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New trial to bolster kidney health in people with early type 2 diabetes

Type 2 diabetes is the world’s fastest-growing chronic condition, but its first-line treatment hasn’t changed in decades. A new clinical trial of a class of drugs called sodium-glucose cotransporter-2 (SGLT2) inhibitors hopes to change that.

George Institute Australia Executive Director and UNSW Professor of Medicine Bruce Neal and colleagues will explore if SGLT2 inhibitors can help newly diagnosed type 2 diabetes patients avoid kidney complications down the track.

The trial, dubbed SMARTEST, comes off the back of two successful international SGLT2 inhibitor studies also led by the George Institute.

Photo credit: Jakub Ustrzycki

SGLT2 inhibitors were developed as diabetes drugs because they force glucose molecules out of blood and into urine. This not only lowers blood sugar levels, it also helps with weight loss.

An SGLT2 inhibitor named canagliflozin was the focus of the CANVAS program: a pair of trials led by Neal that set out to show the drug could safely lower blood glucose levels in people with type 2 diabetes who were at high risk of cardiovascular disease.

“But a couple of things came out of CANVAS which were really quite surprising,” Neal explains.

Participants taking canagliflozin were less likely to die from cardiovascular conditions or suffer non-fatal heart attacks and strokes than their placebo-popping counterparts.

Their kidneys, too, seemed to work better. This is important in the context of diabetes, where persistent elevated glucose levels damage small renal blood vessels. Such damage means kidneys can no longer clean blood properly, and kidney disease – the most common cause of kidney failure – develops.

So the CANVAS program led to a second trial: CREDENCE. Canagliflozin was, once again, given to people who had type 2 diabetes, but this time, trial participants had chronic kidney disease too. Compared to a placebo, the drug cut the risk of renal failure or death by 30%.

“That study was also a profound success – so much so that it was stopped early,” Neal says.

The question remained: if SGLT2 inhibitors help reduce heart and kidney disease risk in established diabetes, can they have a preventative effect in people who have been recently diagnosed?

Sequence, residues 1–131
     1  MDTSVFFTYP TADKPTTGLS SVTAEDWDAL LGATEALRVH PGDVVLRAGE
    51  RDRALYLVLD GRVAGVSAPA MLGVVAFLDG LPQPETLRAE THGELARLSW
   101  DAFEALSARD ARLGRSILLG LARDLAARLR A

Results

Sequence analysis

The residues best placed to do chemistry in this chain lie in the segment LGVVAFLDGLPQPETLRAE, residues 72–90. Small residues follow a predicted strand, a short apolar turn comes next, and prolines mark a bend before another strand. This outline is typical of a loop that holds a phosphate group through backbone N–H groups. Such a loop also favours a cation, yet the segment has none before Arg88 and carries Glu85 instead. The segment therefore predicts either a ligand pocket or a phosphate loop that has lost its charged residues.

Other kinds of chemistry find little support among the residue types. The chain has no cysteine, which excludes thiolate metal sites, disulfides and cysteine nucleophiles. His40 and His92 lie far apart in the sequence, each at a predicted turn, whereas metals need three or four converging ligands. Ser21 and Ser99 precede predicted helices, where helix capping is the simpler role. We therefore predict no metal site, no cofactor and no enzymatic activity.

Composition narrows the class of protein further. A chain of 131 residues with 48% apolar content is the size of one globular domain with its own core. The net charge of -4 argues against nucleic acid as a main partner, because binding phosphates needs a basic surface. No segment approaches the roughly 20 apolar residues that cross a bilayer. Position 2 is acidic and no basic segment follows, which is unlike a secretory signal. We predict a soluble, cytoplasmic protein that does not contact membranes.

This is the question SMARTEST hopes to answer. It will compare the SGLT2 inhibitor dapagliflozin against the current first-line diabetes drug treatment, metformin.

“With diabetes, kidney function starts to decline really from the moment you’re diagnosed,” Neal says. “Metformin doesn’t change this decline much. But if we give people SGLT2 inhibitors, we think we can get their kidney function to stay steady or decline at a much slower rate.”

The steepness of this decline strongly predicts a person’s need for dialysis in the decades to come.

SMARTEST hopes to recruit participants from an especially high-risk population: Aboriginal Australians. Aboriginal people are four times as likely to develop, be hospitalised for and die from type 2 diabetes and kidney disease as non-Indigenous Australians.

“We’re consulting with the Aboriginal community, researchers and renal physicians to understand whether this would be a good proposition,” Neal says.

“The initial response is actually pretty positive. To focus the project on a high-burden, high-need group we think will be really worthwhile.”

Even though SMARTEST won’t have the international range of CANVAS and CREDENCE, cross-border collaboration is invaluable when it comes to clinical trials, Neal says. “When you agree to put all your datasets together in one big pool, you can then do much more sophisticated analyses.”

To this end, he and his crew are also collaborating with a Swedish group, who are conducting a similar trial.

And while data sharing requires trust and goodwill, Neal says it’s worth it: “I think the most important thing I ever learned as a scientist was you should share stuff. Just give it away. Because 99% of the time, it comes back in spades.”

Updated 4 years ago